Fed official says low inflation, slow growth justify US rate cut

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Looking ahead, expect European markets to maintain their focus on the Fed and the dollar but as mentioned above, things may not seem all that bad for the greenback given how pessimistic markets have been coming into yesterday's FOMC meeting.

Mr Trump told ABC News last week that he disagreed with Mr Powell "entirely", adding that "if we had a different person in the Federal Reserve that wouldn't have raised interest rates so much", economic growth would have been stronger. That word had been removed from the latest statement.

The Fed continued to regard the labor market as "strong" and said "sustained expansion of economic activity" and eventually rising inflation were still "the most likely outcomes". The FOMC statement said that while household spending appeared to have picked up from earlier in the year, "indicators of business fixed investment have been soft".

It tries to meet these goals primarily through its ability to set benchmark interest rates, which requires careful balancing the economy's many different needs.

The biggest risk to the US economy and the FOMC outlook is global trade relations.

At the previous Fed meeting the general expectation was that China and the USA were on course to sign a trade deal. Trump, in turn, accused Draghi of currency manipulation.

Since then negotiations have come to a virtual standstill.

Traders work on the floor of the New York Stock Exchange on Thursday.

Even though Fed Chair Powell also mentioned escalating trade tensions and concerns of a potential slowdown in global economic growth, the slide in inflation remains a larger concern as far as the U.S. economy is concerned.

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On Wall Street, the Dow Jones Industrial Average rose 38.46 points, or 0.15 percent, to 26,504, the S&P 500 gained 8.71 points, or 0.30 percent, to 2,926.46 and the Nasdaq Composite added 33.44 points, or 0.42 percent, to 7,987.32.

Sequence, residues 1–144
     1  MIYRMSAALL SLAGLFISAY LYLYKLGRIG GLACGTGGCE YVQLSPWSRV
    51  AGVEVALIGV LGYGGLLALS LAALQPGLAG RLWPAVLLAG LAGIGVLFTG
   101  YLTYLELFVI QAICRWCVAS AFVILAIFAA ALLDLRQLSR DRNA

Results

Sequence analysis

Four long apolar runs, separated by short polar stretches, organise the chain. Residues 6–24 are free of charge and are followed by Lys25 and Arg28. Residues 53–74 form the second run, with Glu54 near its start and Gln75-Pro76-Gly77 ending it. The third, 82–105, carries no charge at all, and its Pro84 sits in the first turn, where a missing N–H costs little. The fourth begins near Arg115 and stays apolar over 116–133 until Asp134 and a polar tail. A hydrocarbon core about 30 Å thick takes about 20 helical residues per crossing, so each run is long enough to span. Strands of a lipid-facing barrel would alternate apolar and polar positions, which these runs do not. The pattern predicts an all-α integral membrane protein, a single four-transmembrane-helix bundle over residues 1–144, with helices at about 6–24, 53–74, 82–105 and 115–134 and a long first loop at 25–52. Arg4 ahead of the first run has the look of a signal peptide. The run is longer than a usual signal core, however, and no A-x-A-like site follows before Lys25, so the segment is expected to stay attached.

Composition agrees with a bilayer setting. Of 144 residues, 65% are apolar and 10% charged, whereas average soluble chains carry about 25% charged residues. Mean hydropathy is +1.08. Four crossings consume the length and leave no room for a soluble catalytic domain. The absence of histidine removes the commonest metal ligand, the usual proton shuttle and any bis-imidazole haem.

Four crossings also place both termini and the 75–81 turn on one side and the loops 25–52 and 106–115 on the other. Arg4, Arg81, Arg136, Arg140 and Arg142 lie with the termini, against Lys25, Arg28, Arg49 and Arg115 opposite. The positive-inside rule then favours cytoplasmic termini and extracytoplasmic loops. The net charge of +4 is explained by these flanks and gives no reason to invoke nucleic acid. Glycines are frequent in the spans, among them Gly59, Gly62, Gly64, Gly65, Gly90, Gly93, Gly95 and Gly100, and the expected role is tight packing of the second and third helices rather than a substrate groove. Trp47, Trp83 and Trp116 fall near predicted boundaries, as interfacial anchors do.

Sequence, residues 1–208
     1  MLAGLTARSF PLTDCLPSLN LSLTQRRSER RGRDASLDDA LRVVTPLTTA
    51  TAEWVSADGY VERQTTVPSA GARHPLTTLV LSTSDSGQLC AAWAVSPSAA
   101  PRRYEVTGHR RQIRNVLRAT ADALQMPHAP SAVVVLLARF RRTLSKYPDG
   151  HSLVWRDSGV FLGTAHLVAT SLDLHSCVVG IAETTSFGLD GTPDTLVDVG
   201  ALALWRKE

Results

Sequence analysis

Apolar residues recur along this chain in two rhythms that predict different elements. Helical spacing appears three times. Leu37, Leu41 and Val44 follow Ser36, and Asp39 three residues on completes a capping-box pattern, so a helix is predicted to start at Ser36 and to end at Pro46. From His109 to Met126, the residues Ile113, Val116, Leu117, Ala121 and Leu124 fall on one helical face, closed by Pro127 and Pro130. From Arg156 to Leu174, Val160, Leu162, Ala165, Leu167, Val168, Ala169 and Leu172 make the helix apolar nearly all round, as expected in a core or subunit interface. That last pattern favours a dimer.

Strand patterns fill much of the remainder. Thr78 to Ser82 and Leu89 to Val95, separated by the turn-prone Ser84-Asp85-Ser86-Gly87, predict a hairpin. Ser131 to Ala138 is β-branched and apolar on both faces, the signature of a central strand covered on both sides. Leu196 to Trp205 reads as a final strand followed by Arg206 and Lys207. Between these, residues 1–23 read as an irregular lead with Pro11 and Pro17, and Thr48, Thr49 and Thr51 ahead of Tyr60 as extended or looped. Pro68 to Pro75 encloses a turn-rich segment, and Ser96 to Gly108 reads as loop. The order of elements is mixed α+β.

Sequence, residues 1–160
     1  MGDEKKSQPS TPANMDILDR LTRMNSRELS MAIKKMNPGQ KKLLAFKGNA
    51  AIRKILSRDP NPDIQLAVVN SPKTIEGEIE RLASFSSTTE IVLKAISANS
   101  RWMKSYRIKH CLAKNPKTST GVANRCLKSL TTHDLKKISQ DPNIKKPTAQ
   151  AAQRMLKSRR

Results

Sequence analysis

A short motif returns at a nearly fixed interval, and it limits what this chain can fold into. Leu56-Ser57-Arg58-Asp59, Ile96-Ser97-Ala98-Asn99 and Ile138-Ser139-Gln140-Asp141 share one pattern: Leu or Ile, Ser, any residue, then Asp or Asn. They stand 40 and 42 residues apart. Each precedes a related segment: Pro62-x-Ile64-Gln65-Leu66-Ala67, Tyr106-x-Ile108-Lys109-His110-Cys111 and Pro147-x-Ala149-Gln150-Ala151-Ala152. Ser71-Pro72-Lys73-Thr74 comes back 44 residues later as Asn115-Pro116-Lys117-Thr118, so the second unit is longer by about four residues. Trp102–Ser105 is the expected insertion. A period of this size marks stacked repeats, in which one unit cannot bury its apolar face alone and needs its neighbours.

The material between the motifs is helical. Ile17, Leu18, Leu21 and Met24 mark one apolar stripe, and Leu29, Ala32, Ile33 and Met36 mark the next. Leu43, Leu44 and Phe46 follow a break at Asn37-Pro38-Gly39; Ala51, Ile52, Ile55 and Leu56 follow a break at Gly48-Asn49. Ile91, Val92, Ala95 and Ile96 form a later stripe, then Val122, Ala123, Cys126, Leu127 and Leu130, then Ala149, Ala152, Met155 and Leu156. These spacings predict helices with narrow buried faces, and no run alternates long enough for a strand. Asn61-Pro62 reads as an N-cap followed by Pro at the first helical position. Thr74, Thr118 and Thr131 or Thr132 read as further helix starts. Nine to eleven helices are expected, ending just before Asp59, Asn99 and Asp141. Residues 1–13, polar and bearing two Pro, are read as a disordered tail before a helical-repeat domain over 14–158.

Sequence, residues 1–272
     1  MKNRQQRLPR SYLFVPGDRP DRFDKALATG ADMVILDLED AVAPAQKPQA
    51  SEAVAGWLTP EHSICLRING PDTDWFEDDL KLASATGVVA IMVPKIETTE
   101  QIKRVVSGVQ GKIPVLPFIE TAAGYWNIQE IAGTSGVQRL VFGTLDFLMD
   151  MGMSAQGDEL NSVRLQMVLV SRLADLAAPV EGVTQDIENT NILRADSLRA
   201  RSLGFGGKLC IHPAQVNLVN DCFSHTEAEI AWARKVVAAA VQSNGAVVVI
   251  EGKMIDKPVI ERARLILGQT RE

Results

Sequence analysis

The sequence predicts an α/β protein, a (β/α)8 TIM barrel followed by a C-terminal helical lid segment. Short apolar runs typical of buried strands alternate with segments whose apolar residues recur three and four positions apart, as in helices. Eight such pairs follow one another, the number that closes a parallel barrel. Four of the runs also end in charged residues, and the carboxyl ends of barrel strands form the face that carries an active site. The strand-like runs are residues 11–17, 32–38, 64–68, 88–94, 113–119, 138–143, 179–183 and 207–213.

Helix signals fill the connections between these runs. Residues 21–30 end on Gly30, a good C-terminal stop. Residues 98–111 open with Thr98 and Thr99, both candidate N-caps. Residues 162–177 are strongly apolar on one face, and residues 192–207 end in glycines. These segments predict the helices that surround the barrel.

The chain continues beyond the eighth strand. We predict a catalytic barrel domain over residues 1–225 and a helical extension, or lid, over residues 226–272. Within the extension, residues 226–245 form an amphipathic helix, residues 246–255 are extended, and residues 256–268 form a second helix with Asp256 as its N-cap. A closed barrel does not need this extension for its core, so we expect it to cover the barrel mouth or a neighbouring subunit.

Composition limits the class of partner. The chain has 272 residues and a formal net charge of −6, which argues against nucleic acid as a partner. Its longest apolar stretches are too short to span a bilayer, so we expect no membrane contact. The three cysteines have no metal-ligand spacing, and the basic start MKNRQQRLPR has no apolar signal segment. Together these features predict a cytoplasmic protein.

Speaking on Wednesday, chairman Jerome Powell noted that apparent progress on trade talks had "turned to greater uncertainty" and many Fed officials "now see that the case for somewhat more accommodative policy has strengthened".

While the nine other voting members made a decision to hold rates, they are moving in the same direction as Bullard.

Mr. Powell, asked after this week's policy meeting about the danger of delaying any policy move, said, "I don't think the risk of waiting too long is prominent right now". Tariffs are taxes, and taxes have a more direct impact on growth than monetary policy. Yields on benchmark 10-year Treasuries fell to 2.03%.

The news comes on the heels of Powell's comment that he intends to serve his full four-year term despite Trump's continuing criticism of current Federal Reserve policy. In a Twitter post at the weekend, he predicted "market crash the likes of which has not been seen before" if he were not returned in 2020.

In March, the European Central Bank cut its 2019 economic growth forecast for the Eurozone from 1.7% to 1.1% and announced a third round of bank stimulus that will begin in September and run through March 2021.

The softer slant from the U.S. central bank provided more support to global investors, who were already in buoyant mood after Donald Trump flagged positive talks with China's Xi Jinping and said they would meet next week.

The euro bounced to $1.1254 after the Fed's dovish signals undermined the dollar's yield attraction, pushing the common currency away from this week's low of $1.1181 touched on Tuesday.